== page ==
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Kaplan, George A., G. Turrell, John W. Lynch, S.A. Everson, E.K. Helkala, and J.T. Salonen. 2001. "Childhood Socioeconomic Position and Cognitive Function in Adulthood." International Journal of Epidemiology, 30: 256-263.
Background Risk of dementia and Alzheimer's disease is higher among adults with limited education, and the less educated perform poorer on cognitive function tests. This study determines whether the socioeconomic environment experienced during childhood has an impact on cognitive functioning in middle age.
Methods A population-based study of eastern Finnish men (n = 496) aged 58 and 64 for whom there were data on parent's socioeconomic position (SEP), their own education level, and performance on neuropsychological tests. Cognitive function was measured using the Trail Making Test, the Selective Reminding Test, the Verbal Fluency Test, the Visual Reproduction Test, and the Mini Mental State Exam.
Results We found a significant and graded association between parental SEP (combined as an index) and cognitive function both prior to and after adjustment for respondent's education. Those from more disadvantaged backgrounds exhibited the poorest performance. When the separate components of the parental SEP measure were used, father's occupation and mother's education were independently associated with the respondent's score for three and five of the tests, respectively (there was no association with father's education and mother's occupation). After adjustment for the respondent's education, father's occupation was no longer associated with respondent's test score, however, the results were essentially unchanged for mother's education.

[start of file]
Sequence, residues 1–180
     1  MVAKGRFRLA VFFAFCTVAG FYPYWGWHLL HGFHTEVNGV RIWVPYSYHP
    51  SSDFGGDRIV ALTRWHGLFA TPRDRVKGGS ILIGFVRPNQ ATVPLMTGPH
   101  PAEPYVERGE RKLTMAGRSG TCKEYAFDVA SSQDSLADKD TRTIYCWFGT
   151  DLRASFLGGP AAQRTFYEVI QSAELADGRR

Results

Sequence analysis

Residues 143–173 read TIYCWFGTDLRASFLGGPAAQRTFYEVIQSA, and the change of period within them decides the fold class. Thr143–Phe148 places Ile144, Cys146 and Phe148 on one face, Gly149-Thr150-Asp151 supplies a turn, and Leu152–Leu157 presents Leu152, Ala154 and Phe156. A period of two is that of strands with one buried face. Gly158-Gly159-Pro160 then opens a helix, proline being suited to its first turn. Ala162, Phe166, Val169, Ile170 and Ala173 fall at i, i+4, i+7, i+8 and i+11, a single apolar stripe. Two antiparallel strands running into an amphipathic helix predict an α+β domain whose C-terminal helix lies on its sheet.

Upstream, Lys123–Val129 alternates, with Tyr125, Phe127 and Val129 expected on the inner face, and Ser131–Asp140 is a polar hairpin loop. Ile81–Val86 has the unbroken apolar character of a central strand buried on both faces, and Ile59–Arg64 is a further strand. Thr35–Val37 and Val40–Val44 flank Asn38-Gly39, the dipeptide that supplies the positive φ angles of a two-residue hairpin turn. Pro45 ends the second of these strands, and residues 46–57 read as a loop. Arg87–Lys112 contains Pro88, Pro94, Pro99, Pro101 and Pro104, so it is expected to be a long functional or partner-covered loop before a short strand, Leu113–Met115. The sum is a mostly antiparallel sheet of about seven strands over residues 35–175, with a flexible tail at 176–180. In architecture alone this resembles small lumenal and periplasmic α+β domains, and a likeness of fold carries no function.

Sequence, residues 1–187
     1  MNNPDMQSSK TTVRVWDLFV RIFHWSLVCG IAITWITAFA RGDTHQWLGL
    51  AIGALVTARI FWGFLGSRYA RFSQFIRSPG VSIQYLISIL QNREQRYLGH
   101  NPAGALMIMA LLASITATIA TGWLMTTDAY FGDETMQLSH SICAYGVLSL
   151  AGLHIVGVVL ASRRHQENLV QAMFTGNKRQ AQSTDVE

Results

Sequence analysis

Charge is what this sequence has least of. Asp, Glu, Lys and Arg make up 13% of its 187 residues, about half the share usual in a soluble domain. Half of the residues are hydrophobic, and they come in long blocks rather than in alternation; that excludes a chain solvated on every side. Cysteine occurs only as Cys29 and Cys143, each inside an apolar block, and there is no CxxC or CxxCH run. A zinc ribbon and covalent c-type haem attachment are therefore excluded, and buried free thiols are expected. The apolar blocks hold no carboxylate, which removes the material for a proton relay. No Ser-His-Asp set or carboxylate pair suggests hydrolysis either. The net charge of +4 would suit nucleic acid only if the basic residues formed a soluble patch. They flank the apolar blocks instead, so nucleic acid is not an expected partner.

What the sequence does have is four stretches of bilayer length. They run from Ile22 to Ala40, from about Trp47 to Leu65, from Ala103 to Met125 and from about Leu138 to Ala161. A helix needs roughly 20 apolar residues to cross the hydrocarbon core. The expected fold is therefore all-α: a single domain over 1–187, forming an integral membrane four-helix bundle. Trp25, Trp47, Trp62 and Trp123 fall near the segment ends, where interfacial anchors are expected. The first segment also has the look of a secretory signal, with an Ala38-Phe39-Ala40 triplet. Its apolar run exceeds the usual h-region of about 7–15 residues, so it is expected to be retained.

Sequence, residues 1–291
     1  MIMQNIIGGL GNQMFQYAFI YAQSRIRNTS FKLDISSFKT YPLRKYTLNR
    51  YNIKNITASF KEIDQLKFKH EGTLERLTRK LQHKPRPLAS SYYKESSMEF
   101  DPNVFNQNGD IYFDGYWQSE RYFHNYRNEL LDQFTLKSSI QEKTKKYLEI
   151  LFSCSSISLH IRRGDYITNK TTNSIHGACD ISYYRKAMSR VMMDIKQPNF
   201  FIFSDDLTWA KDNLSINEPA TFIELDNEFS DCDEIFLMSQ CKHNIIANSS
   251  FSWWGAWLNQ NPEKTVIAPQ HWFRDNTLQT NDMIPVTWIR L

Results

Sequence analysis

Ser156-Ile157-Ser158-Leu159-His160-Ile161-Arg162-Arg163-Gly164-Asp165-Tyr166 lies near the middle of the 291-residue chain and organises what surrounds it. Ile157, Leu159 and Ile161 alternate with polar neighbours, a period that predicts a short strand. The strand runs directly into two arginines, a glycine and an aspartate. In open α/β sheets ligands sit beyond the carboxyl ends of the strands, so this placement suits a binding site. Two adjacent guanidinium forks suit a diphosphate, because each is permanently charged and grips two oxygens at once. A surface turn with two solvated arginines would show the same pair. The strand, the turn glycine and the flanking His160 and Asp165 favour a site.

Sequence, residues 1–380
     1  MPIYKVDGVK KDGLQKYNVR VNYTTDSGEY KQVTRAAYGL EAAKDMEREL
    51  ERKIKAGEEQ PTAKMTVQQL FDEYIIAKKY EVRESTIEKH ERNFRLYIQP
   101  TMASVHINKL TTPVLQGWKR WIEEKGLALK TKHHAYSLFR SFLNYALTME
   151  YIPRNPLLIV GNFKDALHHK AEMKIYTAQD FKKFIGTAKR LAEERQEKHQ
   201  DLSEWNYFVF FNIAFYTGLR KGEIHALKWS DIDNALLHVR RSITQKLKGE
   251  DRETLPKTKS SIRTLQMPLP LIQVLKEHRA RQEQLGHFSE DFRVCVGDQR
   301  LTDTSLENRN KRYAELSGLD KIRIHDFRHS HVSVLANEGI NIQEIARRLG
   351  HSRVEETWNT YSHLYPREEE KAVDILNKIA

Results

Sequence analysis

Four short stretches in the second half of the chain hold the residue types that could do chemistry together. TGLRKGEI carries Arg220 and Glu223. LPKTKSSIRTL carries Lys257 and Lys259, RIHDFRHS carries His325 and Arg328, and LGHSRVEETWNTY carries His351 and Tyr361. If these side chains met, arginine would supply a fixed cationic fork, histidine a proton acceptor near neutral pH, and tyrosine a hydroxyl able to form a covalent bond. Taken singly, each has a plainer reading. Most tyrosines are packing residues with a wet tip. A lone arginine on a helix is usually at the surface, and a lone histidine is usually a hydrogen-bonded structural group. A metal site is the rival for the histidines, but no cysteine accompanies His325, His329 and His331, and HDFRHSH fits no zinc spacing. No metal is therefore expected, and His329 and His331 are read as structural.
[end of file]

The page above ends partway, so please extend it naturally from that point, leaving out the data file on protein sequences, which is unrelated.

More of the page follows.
Conclusions Higher SEP during childhood and greater educational attainment are both associated with cognitive function in adulthood, with mothers and fathers each contributing to their offspring's formative cognitive development and later life cognitive ability (albeit in different ways). Improvements in both parental socioeconomic circumstances and the educational attainment of their offspring could possibly enhance cognitive function and decrease risk of dementia later in life.